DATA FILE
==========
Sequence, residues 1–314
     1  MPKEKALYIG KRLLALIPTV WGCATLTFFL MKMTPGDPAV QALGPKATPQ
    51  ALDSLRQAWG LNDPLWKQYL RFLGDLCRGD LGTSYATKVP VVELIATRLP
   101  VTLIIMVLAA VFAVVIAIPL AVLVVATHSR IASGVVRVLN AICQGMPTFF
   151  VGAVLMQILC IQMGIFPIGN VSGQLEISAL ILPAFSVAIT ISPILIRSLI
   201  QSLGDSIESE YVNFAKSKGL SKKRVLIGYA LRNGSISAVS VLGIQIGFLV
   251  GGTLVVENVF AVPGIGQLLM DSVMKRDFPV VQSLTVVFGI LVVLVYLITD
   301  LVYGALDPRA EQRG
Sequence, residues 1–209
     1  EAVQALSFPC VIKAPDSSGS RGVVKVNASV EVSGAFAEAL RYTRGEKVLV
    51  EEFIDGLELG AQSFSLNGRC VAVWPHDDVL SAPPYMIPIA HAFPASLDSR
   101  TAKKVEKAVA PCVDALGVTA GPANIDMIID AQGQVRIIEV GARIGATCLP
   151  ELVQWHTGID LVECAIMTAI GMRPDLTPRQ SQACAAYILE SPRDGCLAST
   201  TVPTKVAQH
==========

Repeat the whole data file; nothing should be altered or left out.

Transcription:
Sequence, residues 1–314
     1  MPKEKALYIG KRLLALIPTV WGCATLTFFL MKMTPGDPAV QALGPKATPQ
    51  ALDSLRQAWG LNDPLWKQYL RFLGDLCRGD LGTSYATKVP VVELIATRLP
   101  VTLIIMVLAA VFAVVIAIPL AVLVVATHSR IASGVVRVLN AICQGMPTFF
   151  VGAVLMQILC IQMGIFPIGN VSGQLEISAL ILPAFSVAIT ISPILIRSLI
   201  QSLGDSIESE YVNFAKSKGL SKKRVLIGYA LRNGSISAVS VLGIQIGFLV
   251  GGTLVVENVF AVPGIGQLLM DSVMKRDFPV VQSLTVVFGI LVVLVYLITD
   301  LVYGALDPRA EQRG
Sequence, residues 1–209
     1  EAVQALSFPC VIKAPDSSGS RGVVKVNASV EVSGAFAEAL RYTRGEKVLV
    51  EEFIDGLELG AQSFSLNGRC VAVWPHDDVL SAPPYMIPIA HAFPASLDSR
   101  TAKKVEKAVA PCVDALGVTA GPANIDMIID AQGQVRIIEV GARIGATCLP
   151  ELVQWHTGID LVECAIMTAI GMRPDLTPRQ SQACAAYILE SPRDGCLAST
   201  TVPTKVAQH